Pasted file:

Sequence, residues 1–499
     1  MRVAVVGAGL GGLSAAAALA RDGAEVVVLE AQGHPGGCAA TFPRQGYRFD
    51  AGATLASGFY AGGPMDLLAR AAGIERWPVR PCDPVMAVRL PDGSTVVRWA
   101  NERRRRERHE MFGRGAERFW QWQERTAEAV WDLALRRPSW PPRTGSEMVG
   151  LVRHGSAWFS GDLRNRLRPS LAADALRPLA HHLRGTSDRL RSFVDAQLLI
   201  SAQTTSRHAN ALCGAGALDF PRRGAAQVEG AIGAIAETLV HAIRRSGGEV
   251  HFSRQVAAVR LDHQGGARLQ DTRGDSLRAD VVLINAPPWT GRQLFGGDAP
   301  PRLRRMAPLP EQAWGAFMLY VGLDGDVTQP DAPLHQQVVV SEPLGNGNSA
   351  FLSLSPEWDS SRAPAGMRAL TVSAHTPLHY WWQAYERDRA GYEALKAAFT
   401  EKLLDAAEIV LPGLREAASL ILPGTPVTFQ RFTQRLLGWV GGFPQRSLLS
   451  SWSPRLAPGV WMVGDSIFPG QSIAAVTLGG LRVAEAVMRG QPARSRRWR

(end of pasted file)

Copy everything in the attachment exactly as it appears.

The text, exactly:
Sequence, residues 1–499
     1  MRVAVVGAGL GGLSAAAALA RDGAEVVVLE AQGHPGGCAA TFPRQGYRFD
    51  AGATLASGFY AGGPMDLLAR AAGIERWPVR PCDPVMAVRL PDGSTVVRWA
   101  NERRRRERHE MFGRGAERFW QWQERTAEAV WDLALRRPSW PPRTGSEMVG
   151  LVRHGSAWFS GDLRNRLRPS LAADALRPLA HHLRGTSDRL RSFVDAQLLI
   201  SAQTTSRHAN ALCGAGALDF PRRGAAQVEG AIGAIAETLV HAIRRSGGEV
   251  HFSRQVAAVR LDHQGGARLQ DTRGDSLRAD VVLINAPPWT GRQLFGGDAP
   301  PRLRRMAPLP EQAWGAFMLY VGLDGDVTQP DAPLHQQVVV SEPLGNGNSA
   351  FLSLSPEWDS SRAPAGMRAL TVSAHTPLHY WWQAYERDRA GYEALKAAFT
   401  EKLLDAAEIV LPGLREAASL ILPGTPVTFQ RFTQRLLGWV GGFPQRSLLS
   451  SWSPRLAPGV WMVGDSIFPG QSIAAVTLGG LRVAEAVMRG QPARSRRWR